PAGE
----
When you come to work and your one and only concern is improving on what you did last week, all that matters is that you try to improve and that you believe you have improved – that is, until next week comes. This is the framebuilder’s work ethic.
Framebuilders answer to a higher calling. If they didn’t, they’d be more in tune with the rest of the bicycle industry, more apt to worry about trends, concerned with a time clock, or with building an IRA. These cats live outside the lines. The reason they do what they do is because conventional manufacturing cannot; there are too many layers of corporate this or model year that, etcetera.
It is not easy for me to articulate this because bicycles are often seen as commodities. Most begin life as a pile of stuff. Often we use the same pile of stuff the factories use. So what’s the difference? The framebuilders I know believe they can add something to the pile that cannot be included by 100 people on second shift at the YourNameHere factory. If this is faulty logic or borderline delusional, then I’m guilty. I often lose a few people at this point in the conversation.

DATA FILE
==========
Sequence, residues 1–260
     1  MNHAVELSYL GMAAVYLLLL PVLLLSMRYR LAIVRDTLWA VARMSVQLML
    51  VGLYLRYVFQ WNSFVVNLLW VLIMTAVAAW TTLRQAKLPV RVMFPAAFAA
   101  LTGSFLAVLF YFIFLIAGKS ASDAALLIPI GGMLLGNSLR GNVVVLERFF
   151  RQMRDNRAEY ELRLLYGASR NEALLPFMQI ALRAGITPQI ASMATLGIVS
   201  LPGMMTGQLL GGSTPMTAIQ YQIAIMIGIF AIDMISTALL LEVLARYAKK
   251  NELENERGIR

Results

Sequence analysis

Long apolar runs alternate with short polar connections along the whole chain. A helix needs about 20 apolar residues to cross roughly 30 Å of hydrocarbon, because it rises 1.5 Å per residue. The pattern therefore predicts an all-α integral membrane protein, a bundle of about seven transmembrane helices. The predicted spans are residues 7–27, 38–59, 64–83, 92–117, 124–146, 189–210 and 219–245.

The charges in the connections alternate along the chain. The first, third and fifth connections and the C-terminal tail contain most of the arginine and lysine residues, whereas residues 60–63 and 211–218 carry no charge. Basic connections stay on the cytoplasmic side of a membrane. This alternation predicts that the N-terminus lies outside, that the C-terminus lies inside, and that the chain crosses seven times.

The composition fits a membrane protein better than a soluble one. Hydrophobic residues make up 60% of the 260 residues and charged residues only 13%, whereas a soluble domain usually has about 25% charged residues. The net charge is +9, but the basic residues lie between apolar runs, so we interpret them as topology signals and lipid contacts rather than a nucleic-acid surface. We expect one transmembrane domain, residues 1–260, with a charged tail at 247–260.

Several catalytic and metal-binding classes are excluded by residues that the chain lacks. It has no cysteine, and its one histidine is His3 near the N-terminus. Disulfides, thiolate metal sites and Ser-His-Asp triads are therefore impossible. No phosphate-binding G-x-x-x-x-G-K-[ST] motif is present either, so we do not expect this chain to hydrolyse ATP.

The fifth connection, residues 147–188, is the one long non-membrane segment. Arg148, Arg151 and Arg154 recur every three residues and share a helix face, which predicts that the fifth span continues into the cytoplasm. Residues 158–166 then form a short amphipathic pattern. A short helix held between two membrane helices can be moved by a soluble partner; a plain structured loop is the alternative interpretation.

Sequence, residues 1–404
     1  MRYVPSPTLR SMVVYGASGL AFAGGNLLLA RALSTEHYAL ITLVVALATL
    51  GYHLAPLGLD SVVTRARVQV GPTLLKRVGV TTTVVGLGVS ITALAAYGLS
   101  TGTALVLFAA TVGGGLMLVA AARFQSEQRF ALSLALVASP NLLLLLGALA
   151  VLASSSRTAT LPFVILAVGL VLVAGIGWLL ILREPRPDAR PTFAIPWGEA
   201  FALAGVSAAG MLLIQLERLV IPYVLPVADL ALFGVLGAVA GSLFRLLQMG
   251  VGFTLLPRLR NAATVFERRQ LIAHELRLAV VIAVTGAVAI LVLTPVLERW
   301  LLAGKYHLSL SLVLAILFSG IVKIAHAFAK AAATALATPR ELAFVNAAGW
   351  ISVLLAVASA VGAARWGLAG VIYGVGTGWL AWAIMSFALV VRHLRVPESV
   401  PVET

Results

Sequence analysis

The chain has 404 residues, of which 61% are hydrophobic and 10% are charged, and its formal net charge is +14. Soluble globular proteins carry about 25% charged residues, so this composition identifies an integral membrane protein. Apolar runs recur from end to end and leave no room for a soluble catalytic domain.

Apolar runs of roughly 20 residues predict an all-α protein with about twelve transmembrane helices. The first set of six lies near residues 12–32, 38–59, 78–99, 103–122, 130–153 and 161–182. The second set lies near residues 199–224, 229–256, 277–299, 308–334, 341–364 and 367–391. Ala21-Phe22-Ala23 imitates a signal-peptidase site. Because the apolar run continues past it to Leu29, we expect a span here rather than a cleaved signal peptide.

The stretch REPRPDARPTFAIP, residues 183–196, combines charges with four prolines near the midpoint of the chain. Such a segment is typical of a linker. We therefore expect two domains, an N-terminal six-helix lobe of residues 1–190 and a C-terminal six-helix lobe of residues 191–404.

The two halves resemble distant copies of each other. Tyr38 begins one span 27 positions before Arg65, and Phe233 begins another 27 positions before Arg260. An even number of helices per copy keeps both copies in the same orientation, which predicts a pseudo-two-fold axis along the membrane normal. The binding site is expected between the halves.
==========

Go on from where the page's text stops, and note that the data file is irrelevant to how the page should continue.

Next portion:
As is the case with many of my peers, I work alone. I’ve spent decades at the bench, filling orders one at a time, and listening to the silence. My conclusion is this: framebuilders build frames to build frames. Period. If they finally were to perfect the gig, there would be no reason to continue. To a man, the primary task of all framebuilders is to improve, and not to remain with the status quo.
Would a framebuilder get depressed if his work isn’t appreciated, or if the bicycle he made wasn’t ridden? I doubt it. What matters more is he believes he did his best job to fill the order, and would do the same even if the frame were to be destroyed once completed. To have this mindset, he must remain detached from everything except the pile of stuff on the bench. That is where the energy is focused, rather than what happens after it leaves his hands. He makes the frame for himself; everything else matters less.